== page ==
But all these things—and this is my big, you know, concern—is we have this list of how the world should be… Well, let’s do this and it’s going to be much more desirable and sustainable… We don’t have the social and political wherewithal to get there. We have to stabilize the system first. Then that gives us a chance at this longer term emergency, where these ideas that our group is working on have a chance at germinating.
And looking forward to the next couple of decades—say in a world in which the consequences of climate breakdown and other environmental problems start to rise—what are the big fragilities in financial and wider economic systems that you think will become particularly important?
We hear often from central bankers the risks increasingly of failure to make the transition in fossil fuel industries or investments in there, as well as the increasing downside impacts coming from environmental shocks. I guess that would be one area. Are there others that you are thinking about in particular?
There’s so many, it’s impossible to fit into such a short call.
One thing I would say is that the super organism—which is the global industrialized, society—took a mortal blow in February 2020. I do not think we’ll ever get back.
Peak Oil is now in the past and I think there’s a reasonable chance that 2019 will be the high level of GDP and, therefore, emissions. And so that changes the choreography of a lot of this stuff.
As far as central banks, we’re in part of a giant musical chair game. And most people don’t think about it this way. The Federal Reserve has $38 billion in capital, but they have $7 trillion in things that they bought on their balance sheet. It’s an unbelievably leveraged hedge fund, basically.
And the central banks in Europe are little different, let alone Japan and China. So the risk is that we’ve grown our debt more than we’ve grown our GDP every single year since I was born. And we take it for granted, like a fish swims in water. But we have consumed beyond our means for two generations.
A lot of that we’ve used debt to pull consumption forward and that bill is coming due now. We have to stabilize that situation first. Otherwise, we can’t get back to the stability and discourse that we have today. So I’m actually very worried on that, and I’ve dropped everything to work on making sure that governments support businesses and individuals through the next six months, until we get through the worst of the medical side of the virus.
Do you think that when it comes to those decision makers who are actively working on this at the moment—those politicians who may be speaking to and working with—how much are they starting to put considerations of resilience at the forefront of their mind? And, in general, do you think people are starting to see the coronavirus pandemic not as one particular shot that’s come out of the blue but, more, they have a shift in how they approach the world and see that risk is inherent in a lot of systems?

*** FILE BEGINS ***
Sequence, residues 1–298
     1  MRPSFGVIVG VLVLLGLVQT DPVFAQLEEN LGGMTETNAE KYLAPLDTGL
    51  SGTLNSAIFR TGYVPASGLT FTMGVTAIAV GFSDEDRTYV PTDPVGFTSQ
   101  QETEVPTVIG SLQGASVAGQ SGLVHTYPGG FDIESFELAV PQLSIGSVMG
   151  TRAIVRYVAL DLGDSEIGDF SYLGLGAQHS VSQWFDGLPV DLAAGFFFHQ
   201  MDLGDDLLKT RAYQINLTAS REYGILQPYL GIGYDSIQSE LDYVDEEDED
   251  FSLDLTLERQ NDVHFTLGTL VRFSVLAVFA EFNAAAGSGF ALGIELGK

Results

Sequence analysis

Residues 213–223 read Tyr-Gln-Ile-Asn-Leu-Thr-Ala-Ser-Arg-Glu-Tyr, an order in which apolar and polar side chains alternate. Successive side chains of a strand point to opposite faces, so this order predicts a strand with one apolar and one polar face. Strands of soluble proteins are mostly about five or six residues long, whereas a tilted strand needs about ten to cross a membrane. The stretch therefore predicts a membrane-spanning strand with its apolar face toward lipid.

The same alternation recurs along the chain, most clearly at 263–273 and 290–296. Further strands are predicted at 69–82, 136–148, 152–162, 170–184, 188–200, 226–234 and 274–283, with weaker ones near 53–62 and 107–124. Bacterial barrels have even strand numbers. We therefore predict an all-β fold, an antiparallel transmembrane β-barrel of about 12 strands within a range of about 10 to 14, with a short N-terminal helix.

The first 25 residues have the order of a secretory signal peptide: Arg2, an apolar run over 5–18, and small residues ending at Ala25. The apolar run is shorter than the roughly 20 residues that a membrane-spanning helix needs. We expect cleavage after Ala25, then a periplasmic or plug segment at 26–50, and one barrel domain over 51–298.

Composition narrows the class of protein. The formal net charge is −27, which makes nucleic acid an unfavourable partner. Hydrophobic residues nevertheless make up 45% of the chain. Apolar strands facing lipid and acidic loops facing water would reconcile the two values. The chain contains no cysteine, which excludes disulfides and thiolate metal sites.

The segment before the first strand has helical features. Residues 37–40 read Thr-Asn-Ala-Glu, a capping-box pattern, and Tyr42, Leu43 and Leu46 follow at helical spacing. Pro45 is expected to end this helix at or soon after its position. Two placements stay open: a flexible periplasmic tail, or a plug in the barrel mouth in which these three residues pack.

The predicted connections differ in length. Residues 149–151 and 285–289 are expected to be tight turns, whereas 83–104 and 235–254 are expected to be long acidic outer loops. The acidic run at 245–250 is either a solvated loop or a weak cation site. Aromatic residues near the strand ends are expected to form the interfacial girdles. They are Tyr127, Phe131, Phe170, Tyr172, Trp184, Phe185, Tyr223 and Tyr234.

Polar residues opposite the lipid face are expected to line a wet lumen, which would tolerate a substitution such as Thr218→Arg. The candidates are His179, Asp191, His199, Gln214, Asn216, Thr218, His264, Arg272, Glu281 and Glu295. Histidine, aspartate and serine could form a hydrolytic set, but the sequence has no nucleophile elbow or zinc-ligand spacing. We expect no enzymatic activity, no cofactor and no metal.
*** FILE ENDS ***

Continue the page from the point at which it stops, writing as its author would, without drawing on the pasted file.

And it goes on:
Well, I don’t know about politicians. Politicians are riding high on the super organism. They’re just trying to get stuff to their constituents who are hurting.
The people I talk to in my network… Maybe someone who made $100,000 last year, and had to drive 45 minutes to Denver and back every day. And now they’re only making $90,000 a year, but they’re working from home and they have more time with their dogs and their kids and the forest… I think culturally, this pandemic has allowed us to ask questions about: “What’s it all for? And how do I make my own life better and how am I happy?”
I think, on the political front, the resilience questions are pretty far down the pipe. They’re just looking at what do we do now to help people. Which is why… Ecologically, climate change and the sixth mass extinction are, by far, the largest risk we face, Laurie, being alive as humans at this time, but behaviorally, emotionally, politically, they’re going to be pretty far down the list.
I’ve talked to 20 politicians in the last two weeks. The word climate change was never mentioned. And most of them were leftward-leaning politicians. Economy is going to be the focus and poverty for the foreseeable future.
We have to creatively think two or three steps ahead, and how we’re going to support via debts and other things. We have to think about how to do that with ecological restoration locally or different things.
The problem is we got to do this now. And there’s no infrastructure. We’re not an egoless society that thinks with intelligent foresight down the road. So it’s politically very difficult to, to accomplish these things.
I think education and inspiration about the specialness of our time, and that not everything is fully broken, and that we need to roll up our sleeves and collaborate with people… this is where we’re at right now.
One final thing. You know, we tend to talk to people only in our own group that care about ecology, and the oceans, and climate. We have to realize that there’s a whole other group that doesn’t even speak our language. I think the real hope is to find a different way of living with each other and the planet that 60, 70, 80 percent of people could agree with. Because otherwise it’s just this pendulum that swings left and right, and nothing ever gets accomplished. So, that’s kind of my thinking there.
Fantastic. Nate, We’ve run out of time. As always, too little. But thank you so much for joining us today.
You’re welcome, Laurie.
Thank you very much.